The Ministry of Consumer Affairs has notified the Consumer Protection (Consumer Disputes Redressal Commission) Rules, 2020 on 15th July, 2020.

Basically these Rules cover the procedural functions of the Commission like 
sittings of the National Commission;

manner of authentication of goods for analysis and testing;

fee for making complaints;

electronic filing of complaints;

Where compensation order has been passed and the complainants are not identifiable, then such compensation shall be credited to the Consumer Welfare Fund;

procedure for filing and conducting of appeal matters before the State Commission and National Commission;

procedure in respect of direct complaints to the National Commission;

Since these are very procedural and technical matters pertaining to how the Commission functions, i am not going to detail of each clause and regulation. 

Copy of the regulation can be found here i.e.

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consumer protection mediation

Ministry of Consumer Affairs has notified the Consumer Protection (Mediation) Rules, 2020 on 15th July, 2020.

Mediation has been provided for in section 74 of the Consumer Protection Act, 2019. There will be a Mediation Cell in each District Commission and State Commission. Each Mediation Cell shall have a panel of mediators who shall be appointed on the recommendations of a selection committee comprising of the President and member of that commission. Each mediation cell shall have support staff and administrative assistance. 

What matters cannot be referred to mediation is specified. These are

(a) the matters relating to proceedings in respect of medical negligence resulting in grievous injury or death; 

(b) matters which relate to defaults or offences for which applications for compounding of offences have been made by one or more parties; 

(c) cases involving serious and specific allegations of fraud, fabrication of documents, forgery, impersonation, coercion; 

(d) cases relating to prosecution for criminal and non-compoundable offences; 

(e) cases which involve public interest or the interest of numerous persons who are not parties before the Commission: 

Even outside these specified cases, the Commission can decide to not to refer such cases to mediation, if it appears to the Commission that any settlement is impossible to obtain in a particular case or that mediation is not the appropriate remedy considering the circumstances of the case concerned. 

In case settlement is reached at pursuant to mediation, then the parties shall be entitled to receive refund of their full application fees in respect of that complaint. 

While the mediation is in progress the parties have no power to resort to arbitral or judicial proceedings to decide the same case. 

Any settlement arrived at shall not be discharged upon the death of any of the parties. It shall be carried forward and enforced against the heirs and successors therein.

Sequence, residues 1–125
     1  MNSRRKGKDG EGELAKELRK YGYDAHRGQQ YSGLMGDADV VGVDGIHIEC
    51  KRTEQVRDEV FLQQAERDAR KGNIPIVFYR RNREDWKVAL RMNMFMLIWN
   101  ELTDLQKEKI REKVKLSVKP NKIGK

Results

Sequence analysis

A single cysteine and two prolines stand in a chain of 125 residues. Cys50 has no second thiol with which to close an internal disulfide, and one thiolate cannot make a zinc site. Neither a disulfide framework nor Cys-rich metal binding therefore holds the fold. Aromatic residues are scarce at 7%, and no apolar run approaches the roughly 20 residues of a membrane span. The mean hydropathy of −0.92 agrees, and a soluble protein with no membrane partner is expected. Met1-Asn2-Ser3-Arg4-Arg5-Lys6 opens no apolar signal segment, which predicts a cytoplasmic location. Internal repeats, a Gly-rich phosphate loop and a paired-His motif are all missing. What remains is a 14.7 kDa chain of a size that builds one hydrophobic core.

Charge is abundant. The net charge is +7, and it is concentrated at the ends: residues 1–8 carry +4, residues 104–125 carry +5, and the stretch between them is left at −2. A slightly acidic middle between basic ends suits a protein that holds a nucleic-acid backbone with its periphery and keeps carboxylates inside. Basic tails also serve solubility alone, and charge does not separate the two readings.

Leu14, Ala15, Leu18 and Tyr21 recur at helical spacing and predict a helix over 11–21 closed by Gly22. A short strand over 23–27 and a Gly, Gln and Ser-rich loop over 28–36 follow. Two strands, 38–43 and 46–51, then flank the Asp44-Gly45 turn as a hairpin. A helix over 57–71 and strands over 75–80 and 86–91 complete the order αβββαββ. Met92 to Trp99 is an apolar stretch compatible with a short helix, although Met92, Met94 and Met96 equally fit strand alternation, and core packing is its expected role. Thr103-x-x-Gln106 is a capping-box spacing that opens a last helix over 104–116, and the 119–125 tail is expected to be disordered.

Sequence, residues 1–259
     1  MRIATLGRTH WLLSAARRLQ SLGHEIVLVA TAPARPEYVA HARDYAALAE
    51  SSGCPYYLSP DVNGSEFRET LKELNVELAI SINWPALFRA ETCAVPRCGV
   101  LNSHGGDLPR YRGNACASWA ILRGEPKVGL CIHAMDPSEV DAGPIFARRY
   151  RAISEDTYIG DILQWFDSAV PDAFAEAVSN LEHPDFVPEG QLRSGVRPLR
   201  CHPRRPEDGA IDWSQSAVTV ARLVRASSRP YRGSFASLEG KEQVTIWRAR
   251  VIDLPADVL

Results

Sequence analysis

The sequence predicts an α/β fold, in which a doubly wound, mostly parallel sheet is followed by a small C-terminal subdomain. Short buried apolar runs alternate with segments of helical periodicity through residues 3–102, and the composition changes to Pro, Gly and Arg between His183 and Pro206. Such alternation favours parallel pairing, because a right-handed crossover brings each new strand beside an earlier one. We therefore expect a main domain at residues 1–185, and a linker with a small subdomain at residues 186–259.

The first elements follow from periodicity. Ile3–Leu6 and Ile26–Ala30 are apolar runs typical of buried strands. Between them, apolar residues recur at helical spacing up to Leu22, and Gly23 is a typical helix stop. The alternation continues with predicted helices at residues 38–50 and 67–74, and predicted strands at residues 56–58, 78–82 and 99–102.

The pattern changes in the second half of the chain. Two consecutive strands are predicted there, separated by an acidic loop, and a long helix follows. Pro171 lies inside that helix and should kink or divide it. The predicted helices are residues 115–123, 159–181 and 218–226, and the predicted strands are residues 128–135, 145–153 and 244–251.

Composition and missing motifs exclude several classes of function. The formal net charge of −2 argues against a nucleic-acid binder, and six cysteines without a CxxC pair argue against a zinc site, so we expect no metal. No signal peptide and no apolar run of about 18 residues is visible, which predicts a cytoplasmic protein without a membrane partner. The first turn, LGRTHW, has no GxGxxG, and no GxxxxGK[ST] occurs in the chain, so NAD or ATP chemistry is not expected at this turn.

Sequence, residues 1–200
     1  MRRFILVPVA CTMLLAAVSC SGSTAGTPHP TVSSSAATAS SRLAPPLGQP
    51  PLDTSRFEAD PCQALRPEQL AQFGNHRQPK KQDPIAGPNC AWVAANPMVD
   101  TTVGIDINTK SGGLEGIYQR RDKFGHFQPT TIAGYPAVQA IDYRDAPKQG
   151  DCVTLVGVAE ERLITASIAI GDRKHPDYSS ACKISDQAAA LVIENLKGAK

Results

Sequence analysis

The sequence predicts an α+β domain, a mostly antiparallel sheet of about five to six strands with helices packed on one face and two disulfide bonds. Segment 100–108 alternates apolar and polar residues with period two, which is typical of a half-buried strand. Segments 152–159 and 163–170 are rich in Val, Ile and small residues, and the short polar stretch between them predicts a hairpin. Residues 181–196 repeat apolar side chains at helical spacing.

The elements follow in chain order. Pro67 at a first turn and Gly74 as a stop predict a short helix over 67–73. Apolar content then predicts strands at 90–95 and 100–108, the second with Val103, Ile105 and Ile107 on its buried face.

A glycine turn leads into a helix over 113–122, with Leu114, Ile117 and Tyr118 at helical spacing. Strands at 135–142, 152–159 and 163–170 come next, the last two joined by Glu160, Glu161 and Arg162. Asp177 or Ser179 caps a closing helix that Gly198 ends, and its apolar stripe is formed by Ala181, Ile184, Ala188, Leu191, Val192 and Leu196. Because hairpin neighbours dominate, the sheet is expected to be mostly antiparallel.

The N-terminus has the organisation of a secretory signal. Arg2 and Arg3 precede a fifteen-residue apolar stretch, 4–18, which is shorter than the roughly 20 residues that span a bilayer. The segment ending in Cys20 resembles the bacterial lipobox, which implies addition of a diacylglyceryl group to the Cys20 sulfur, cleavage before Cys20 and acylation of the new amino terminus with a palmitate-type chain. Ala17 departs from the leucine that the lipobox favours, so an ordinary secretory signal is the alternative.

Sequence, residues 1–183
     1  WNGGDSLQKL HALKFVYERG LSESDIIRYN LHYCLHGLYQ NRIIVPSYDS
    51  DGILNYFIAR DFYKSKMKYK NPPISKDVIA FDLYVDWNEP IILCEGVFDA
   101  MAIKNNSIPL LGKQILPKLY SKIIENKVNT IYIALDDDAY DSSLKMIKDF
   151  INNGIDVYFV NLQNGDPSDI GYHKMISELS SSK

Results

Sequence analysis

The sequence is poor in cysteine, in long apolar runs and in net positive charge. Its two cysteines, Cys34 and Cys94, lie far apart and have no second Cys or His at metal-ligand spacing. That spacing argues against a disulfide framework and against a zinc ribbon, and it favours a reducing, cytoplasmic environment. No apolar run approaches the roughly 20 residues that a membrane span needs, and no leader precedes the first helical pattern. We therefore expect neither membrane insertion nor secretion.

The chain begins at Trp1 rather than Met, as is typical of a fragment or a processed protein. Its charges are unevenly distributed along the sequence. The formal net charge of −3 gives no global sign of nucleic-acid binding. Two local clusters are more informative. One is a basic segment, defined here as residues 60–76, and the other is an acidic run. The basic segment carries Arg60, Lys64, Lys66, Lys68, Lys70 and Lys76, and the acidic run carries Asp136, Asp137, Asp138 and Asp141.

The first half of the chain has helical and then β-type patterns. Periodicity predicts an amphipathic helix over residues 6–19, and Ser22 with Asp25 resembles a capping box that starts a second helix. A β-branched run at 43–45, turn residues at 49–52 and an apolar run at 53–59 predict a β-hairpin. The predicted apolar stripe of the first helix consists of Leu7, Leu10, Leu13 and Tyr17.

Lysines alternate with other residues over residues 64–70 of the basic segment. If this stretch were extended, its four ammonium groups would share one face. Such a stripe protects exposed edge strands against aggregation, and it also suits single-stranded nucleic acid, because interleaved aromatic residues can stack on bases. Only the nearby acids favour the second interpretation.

Copy of the notification can be found

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The Traveler Mosafer

Iranian movie (2017) made & written by Ali Hatef and starring him also in the lead role alongwith Maryan Vayghan as Mariam. Shot entirely in Los Angeles or neighbourhood Mariam comes to the US in search of her husband who is absconding after marrying her in Iran. Typical problem faced by South Asian girls also when the US groom vanishes after taking advantage of home grown girls. There is nothing much in the movie. They i.e. Ali who is a car driver and Mariam go on searching for that man. There are few Persian words which are common with Hindi like choi for tea, hazaar for thousand, do for two etc. Fascinating to hear the language spoken, otherwise there is nothing in the movie to recommend.

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Bowling for Columbine

Brilliant hard hitting documentary film (2002) by Michael Moore about the gun culture and what is wrong with that. The film starts with Michael opening a bank account in  a small town and getting a free gun in exchange. Strangely everything wrong with that – guns being given free in exchange for opening a bank account. Then it goes on to the Oklahoma bombings and the Columbine school massacre and various other school shootings including a 6 year old kid shooting another 6 year old kid. Moore delves into what is wrong with American culture, the fear of everybody by Americans, their supposedly violent history which he contradicts by saying that other countries have had much more violent historical past. At one point, he also refers to Gandhi who overthrew an entire British empire without shooting a gun. The film explores everything that is wrong with America today including their racism, their fear, their violence on the telly, the non stop 24/7 TV coverage of events, their leaders’ penchant for destroying other countries. He then goes to Canada and does an analysis of why there are’nt so many shootings in Canada compared to US. In the end he has an interview with Charles Heston, the film actor (of western roles) cum President of the National Rifle Association, who could not give any satisfactory replies to Moore. Brilliant documentary for anybody to watch.